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Arch Biochem Biophys. 2005 Sep 15;441(2):174-81.

Oxygenation of polyunsaturated long chain fatty acids by recombinant CYP4F8 and CYP4F12 and catalytic importance of Tyr-125 and Gly-328 of CYP4F8.

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Department of Pharmaceutical Biosciences, Division of Biochemical Pharmacology, Uppsala University, SE-751 24 Uppsala, Sweden.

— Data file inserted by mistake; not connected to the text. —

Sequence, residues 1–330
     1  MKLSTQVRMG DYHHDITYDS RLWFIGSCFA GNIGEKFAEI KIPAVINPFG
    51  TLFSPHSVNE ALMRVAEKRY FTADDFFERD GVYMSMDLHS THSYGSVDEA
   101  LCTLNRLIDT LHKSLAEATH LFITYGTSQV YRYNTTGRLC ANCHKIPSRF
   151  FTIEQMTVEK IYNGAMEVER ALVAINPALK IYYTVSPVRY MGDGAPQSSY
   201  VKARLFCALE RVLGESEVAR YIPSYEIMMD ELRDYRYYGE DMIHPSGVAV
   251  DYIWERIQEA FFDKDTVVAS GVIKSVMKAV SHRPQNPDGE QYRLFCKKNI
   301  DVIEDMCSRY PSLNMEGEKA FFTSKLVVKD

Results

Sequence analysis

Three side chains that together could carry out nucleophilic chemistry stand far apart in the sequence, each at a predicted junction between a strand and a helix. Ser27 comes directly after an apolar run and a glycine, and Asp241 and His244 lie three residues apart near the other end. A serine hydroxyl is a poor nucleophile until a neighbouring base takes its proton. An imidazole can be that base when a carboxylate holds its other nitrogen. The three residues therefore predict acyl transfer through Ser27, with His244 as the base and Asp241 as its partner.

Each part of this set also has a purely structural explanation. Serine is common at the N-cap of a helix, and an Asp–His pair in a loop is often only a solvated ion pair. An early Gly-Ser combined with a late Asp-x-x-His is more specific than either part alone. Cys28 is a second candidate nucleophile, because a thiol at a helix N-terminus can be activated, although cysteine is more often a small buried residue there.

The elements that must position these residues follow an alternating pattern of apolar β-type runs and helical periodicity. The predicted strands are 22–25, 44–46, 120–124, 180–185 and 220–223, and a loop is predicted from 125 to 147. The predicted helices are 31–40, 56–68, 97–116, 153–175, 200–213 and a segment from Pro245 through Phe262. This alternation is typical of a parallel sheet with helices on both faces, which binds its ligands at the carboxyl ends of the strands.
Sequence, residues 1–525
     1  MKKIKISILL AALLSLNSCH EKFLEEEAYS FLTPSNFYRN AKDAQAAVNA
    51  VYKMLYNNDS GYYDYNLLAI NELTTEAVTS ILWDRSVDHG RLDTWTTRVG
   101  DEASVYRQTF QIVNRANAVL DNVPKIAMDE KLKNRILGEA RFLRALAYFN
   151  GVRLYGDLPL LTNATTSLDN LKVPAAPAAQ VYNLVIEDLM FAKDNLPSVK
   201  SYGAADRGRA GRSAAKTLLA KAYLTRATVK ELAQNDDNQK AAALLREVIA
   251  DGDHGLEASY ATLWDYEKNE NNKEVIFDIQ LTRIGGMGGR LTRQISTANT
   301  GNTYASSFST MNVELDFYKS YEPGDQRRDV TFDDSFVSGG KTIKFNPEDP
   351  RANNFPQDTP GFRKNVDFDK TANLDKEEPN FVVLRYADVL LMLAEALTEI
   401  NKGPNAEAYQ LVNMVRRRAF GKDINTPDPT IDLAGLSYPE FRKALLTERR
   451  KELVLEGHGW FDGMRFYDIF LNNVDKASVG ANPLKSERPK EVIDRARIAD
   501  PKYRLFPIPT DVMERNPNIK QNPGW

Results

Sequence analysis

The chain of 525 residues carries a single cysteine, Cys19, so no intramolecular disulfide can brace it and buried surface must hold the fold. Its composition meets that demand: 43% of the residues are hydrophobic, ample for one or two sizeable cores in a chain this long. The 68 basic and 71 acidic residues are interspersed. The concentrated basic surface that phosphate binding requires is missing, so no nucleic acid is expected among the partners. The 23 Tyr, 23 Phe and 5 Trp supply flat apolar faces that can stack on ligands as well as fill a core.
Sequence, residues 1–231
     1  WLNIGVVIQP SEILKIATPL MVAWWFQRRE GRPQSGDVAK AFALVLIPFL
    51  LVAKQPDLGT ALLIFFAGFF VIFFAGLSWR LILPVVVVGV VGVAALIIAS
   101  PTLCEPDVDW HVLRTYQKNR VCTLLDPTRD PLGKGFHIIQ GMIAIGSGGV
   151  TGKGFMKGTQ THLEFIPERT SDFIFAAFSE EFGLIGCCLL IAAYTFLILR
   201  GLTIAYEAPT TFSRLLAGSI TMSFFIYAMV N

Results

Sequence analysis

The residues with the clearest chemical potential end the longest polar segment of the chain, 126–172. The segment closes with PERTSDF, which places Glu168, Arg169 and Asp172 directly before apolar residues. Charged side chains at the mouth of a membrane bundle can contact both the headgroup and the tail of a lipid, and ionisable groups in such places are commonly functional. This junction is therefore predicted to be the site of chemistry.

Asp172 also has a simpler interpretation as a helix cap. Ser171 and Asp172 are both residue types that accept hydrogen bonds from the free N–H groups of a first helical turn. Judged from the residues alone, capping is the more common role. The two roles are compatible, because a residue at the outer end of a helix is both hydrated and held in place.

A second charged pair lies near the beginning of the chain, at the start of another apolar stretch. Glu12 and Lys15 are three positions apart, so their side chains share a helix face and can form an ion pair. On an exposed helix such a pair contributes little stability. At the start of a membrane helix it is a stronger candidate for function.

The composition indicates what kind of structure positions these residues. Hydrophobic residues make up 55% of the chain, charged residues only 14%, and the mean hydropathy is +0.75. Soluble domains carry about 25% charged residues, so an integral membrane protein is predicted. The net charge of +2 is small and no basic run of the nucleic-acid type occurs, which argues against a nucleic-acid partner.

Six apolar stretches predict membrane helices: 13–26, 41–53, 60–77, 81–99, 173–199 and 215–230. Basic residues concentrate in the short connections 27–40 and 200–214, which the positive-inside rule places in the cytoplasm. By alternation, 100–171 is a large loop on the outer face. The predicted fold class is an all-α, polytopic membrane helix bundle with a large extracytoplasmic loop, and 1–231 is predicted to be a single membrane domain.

Recombinant CYP4F8 and CYP4F12 metabolize prostaglandin H2 (PGH2) analogs by omega2- and omega3-hydroxylation and arachidonic acid (20:4n-6) by omega3-hydroxylation. CYP4F8 was found to catalyze epoxidation of docosahexaenoic acid (22:6n-3) and docosapentaenoic acid (22:5n-3) and omega3-hydroxylation of 22:5n-6. CYP4F12 oxidized 22:6n-3 and 22:5n-3 in the same way, but 22:5n-6 was a poor substrate. The products were identified by liquid chromatography-mass spectrometry. The missense mutation 374A>T of CYP4F8 (Tyr125Phe in substrate recognition site-1 (SRS-1)) occurs in low frequency. This variant oxidized two PGH2 analogs, U-51605 and U-44069, in analogy with CYP4F8, but 20:4n-6 and 22:5n-6 were not oxidized. CYP4F enzymes with omega-hydroxylase activity contain a heme-binding Glu residue, whereas CYP4F8 (and CYP4F12) with omega2- and omega 3-hydroxylase activities has a Gly residue in this position of SRS-4. The mutant CYP4F8 Gly328Glu oxidized U-51605 and U-44069 as recombinant CYP4F8, but the hydroxylation of arachidonic acid was shifted from C-18 to C-19. Single amino acid substitutions in SRS-1 and SRS-4 of CYP4F8 may thus influence oxygenation of certain substrates. We conclude that CYP4F8 and CYP4F12 catalyze epoxidation of 22:6n-3 and 22:5n-3, and CYP4F8 omega3-hydroxylation of 22:5n-6.

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